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China has been plagued by smog in recent years, especially in the region around Beijing, Tianjin and Hebei Province. The pollution remains heavy and needs to be curbed immediately. Issued in 2013 by the State Council of China, the Law of the People’s Republic of China on the Prevention and Control of Atmospheric Pollution, the strictest ever of its kind in the country, defines a clear target for decreasing the density of PM2.5 and outlines a workable action plan. More recently, the National Academy of Development and Strategy (NADS) at Renmin University of China published Report on Policy Evaluation of Smog Governance in Beijing-Tianjin-Hebei Region, which confirmed that the Beijing-Tianjin-Hebei region still faces an uphill battle to meet the targets set for 2017.
“At its core, the smog problem in the Beijing-Tianjin-Hebei region is because the total volume of pollution in the region has greatly surpassed the local environment’s carrying capacity,” says Shi Minjun, publisher of the report and research fellow of the NADS.
The Outline of the Plan for Coordinated Development for the Beijing-Tianjin-Hebei Region, released in 2015, lists environmental governance as one of the top three priorities. “Coordinated development of the Beijing-Tianjin-Hebei region is a key strategy,” adds Shi. “Through the established mechanism, administrators can solve urban problems facing Beijing and still limit air pollution while promoting industrial transformation. Development in Beijing, Tianjin and Hebei Province has reached different levels, so each place has different capabilities to handle pollution. With the improvement of governance, coordinated pollution fighting has become more important.”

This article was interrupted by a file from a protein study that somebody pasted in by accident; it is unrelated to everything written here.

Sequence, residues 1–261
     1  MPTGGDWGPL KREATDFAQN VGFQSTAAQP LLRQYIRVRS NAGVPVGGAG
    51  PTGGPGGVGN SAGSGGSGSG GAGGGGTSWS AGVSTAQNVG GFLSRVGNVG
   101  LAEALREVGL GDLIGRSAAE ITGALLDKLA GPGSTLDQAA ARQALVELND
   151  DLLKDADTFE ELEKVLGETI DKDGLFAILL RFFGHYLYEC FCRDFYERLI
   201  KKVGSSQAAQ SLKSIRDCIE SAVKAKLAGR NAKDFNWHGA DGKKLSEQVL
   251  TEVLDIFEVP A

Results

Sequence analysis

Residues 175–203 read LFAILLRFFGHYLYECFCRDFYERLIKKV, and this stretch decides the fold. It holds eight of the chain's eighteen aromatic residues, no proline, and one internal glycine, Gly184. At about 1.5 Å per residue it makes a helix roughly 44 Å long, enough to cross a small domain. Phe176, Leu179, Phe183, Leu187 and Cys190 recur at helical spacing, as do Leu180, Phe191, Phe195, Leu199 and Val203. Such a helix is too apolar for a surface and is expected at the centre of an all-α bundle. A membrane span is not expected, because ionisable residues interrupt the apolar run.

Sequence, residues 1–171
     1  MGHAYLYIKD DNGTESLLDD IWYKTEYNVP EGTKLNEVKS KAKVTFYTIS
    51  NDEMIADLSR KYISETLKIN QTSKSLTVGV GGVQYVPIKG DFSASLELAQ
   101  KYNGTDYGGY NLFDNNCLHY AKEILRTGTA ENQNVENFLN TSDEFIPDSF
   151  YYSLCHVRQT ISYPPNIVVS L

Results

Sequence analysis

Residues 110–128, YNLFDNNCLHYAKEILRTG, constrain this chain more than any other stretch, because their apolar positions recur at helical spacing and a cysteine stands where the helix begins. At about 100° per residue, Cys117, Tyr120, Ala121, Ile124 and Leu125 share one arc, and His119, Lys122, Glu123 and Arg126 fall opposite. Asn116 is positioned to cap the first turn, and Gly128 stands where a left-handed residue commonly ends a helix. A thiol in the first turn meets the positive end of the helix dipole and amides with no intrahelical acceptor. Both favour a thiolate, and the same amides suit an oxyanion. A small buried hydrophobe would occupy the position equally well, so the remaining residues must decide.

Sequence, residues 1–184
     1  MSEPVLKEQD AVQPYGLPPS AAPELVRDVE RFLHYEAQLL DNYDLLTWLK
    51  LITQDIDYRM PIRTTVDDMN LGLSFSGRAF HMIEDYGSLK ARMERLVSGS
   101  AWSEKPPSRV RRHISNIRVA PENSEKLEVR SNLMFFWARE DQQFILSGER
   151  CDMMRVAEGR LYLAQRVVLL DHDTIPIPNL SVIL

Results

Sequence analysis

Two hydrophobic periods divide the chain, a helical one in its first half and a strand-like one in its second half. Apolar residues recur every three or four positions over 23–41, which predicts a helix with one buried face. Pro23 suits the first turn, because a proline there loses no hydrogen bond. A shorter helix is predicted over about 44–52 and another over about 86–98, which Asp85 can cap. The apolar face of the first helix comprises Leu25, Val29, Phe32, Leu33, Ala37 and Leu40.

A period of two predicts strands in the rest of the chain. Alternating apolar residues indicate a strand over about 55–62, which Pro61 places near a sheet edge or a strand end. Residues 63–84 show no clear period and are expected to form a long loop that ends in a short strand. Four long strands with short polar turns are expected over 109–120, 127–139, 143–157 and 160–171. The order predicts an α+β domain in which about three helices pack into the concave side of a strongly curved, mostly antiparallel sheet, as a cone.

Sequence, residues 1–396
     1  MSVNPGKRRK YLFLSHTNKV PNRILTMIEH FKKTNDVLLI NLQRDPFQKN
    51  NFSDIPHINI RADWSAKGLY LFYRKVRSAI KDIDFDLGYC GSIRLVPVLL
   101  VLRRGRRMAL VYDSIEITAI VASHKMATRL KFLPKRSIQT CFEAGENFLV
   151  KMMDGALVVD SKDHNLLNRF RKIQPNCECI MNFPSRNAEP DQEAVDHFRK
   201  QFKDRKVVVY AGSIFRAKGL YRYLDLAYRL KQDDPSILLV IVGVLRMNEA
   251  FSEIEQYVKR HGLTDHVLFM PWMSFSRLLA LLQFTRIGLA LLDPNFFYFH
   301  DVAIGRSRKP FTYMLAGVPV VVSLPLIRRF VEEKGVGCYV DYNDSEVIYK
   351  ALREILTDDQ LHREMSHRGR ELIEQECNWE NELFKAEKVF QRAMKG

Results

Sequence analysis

The report concludes that the solution to smog control is adjusting the industrial structure. Merely shutting down factories cannot eliminate smog throughout the region. Industrial transformation should move forward so that the volume of pollution can be controlled and the environmental burden decreased.
“Industrial restructuring must have some impact on the economy,” explains Shi. “But the economic system has the ability to adjust automatically to adapt to the transformation and alleviate the impacts. So local governments have to face up to the short-term effects resulting from smog control on the local economy and public livelihood.” Actually, Shi believes that if the possible health cost brought by smog is taken into consideration, the economic cost of smog control is not so massive.